As usual, he also really likes Snow White, even if she does not show signs of life. In the original version, he begins to persuade the dwarves to give him the body. Moreover, he offers them untold riches, but they do not agree. For what a young man needed the lifeless body of a young beauty, history is silent, apparently giving room for adult imagination.
While the prince was trying to bargain with the dwarfs, the servants unsuccessfully drop the coffin, that a piece of apple flies out of the princess's throat, with which she choked, and she comes to life. Then the wedding and a happy ending, in which the queen dances at the event, although before that they put iron shoes on her, heating them at the stake.
The plot, in many ways similar to Snow White, but there is an even earlier version. Before Charles Perrault, Giambattista Basile managed to write down a slightly more popular version and in it there is not at all so much romantic beginning. According to her, the girl in the coffin was found not by a young prince, but by a completely grown-up king. And he was also married. And he did not kiss her at all, but so took advantage of the girl's defenselessness that 9 months later, after their meeting, she gave birth to twins - a boy and a girl. So, one of the babies by mistake began to suck her finger and pulled out a splinter (in this version, the princess fell asleep, pricked with a spindle). The beauty does not have time to be upset by the fact that she is left to fend for herself, and even with children who have come from nowhere, when the king arrives.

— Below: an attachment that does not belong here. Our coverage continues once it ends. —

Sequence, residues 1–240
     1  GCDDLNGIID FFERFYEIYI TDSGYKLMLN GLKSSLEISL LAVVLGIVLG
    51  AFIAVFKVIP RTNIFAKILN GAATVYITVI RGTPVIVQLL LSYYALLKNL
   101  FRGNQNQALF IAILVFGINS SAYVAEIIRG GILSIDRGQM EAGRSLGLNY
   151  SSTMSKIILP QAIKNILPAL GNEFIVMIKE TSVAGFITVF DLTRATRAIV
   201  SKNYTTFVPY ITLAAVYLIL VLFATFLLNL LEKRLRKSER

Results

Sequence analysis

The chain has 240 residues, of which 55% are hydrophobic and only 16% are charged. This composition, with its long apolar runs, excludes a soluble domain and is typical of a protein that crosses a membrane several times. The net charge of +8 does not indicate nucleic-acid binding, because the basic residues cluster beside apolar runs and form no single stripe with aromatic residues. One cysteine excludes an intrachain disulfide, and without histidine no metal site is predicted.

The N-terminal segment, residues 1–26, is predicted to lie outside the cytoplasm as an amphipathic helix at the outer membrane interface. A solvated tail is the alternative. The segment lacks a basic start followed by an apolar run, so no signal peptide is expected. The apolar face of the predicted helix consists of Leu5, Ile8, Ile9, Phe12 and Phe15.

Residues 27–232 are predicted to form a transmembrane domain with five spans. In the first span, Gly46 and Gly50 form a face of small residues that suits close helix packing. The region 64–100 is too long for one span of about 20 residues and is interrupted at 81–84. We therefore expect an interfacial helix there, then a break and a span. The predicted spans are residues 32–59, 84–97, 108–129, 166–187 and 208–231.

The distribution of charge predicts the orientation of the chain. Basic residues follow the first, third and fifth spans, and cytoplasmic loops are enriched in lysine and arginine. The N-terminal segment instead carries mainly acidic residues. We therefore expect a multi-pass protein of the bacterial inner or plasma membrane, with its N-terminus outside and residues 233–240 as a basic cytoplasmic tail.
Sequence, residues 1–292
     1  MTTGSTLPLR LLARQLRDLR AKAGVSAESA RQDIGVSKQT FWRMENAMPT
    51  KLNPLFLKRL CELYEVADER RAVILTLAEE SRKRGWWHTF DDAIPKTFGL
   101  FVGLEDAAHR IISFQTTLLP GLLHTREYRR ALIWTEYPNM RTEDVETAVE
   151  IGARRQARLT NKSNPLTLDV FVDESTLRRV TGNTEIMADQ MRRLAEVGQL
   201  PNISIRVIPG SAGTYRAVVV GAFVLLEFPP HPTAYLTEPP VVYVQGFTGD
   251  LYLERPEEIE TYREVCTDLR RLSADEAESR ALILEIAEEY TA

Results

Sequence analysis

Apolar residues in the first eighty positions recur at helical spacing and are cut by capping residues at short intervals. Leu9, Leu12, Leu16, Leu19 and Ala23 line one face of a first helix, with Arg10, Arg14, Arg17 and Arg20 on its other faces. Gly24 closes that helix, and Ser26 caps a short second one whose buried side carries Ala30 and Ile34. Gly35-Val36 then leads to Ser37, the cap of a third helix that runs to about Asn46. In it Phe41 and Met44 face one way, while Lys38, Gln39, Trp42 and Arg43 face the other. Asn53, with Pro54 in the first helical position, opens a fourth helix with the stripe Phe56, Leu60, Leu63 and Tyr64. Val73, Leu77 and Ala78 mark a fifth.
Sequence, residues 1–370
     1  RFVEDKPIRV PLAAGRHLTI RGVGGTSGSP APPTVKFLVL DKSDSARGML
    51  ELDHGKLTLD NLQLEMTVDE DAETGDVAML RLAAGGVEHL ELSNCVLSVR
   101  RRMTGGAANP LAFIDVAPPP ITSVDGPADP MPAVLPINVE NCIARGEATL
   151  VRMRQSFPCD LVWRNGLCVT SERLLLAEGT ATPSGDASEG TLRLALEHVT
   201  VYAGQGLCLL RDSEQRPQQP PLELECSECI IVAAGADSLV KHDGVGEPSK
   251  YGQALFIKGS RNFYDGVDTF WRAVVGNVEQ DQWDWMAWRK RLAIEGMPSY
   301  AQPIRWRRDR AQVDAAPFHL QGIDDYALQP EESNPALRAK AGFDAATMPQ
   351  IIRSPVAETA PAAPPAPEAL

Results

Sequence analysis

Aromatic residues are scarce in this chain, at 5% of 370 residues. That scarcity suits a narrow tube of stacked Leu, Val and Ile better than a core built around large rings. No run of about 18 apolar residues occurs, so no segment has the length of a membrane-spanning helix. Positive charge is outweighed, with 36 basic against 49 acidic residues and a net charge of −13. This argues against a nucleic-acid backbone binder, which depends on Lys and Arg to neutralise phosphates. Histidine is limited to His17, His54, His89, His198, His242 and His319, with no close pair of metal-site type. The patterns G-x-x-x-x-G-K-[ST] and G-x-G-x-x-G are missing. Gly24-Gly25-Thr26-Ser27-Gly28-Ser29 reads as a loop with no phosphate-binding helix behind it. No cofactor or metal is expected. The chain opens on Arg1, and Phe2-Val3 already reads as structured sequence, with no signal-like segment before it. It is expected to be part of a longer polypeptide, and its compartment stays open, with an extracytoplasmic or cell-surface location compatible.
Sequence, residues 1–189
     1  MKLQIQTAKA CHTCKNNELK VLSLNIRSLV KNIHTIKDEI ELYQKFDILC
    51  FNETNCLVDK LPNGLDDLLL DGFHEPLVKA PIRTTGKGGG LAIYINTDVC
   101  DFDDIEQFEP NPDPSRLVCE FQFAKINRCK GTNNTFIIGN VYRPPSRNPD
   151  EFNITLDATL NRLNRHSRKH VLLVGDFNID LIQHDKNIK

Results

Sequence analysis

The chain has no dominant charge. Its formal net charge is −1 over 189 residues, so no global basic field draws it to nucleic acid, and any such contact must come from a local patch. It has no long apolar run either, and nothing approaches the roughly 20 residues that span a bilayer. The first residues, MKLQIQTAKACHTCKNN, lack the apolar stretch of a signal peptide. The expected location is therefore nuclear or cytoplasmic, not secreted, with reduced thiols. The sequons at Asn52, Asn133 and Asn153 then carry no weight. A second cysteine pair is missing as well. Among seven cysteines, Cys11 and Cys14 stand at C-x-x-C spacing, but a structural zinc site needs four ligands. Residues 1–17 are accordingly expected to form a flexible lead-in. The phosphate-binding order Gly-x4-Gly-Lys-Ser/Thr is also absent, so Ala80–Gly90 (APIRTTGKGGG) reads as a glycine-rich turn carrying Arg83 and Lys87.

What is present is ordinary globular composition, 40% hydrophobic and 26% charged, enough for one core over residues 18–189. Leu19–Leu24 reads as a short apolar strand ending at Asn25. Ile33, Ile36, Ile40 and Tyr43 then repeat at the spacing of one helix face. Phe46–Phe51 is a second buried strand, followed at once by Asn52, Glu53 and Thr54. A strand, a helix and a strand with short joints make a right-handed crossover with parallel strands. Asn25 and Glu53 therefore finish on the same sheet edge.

No, the crowned person did not come at all to visit the offspring, he just remembered that he once spent a good time here and decided to return. Having learned about the children, he began to come regularly, to take care. But then the lawful wife of the king intervened in the matter, she gave the children to the cook for cooking dinner, and ordered the Beauty herself to be burned. But if not for her greed, then her plans might have been successful. But the queen ordered to take off the embroidered gold dress from the Beauty chained to the pillar.
The king, once again seduced by the beauty of a naked girl, decided to change their places with his wife. So the queen was burned at the stake, and Beauty took her place on the throne. Oh, yes, the children were saved by the cook.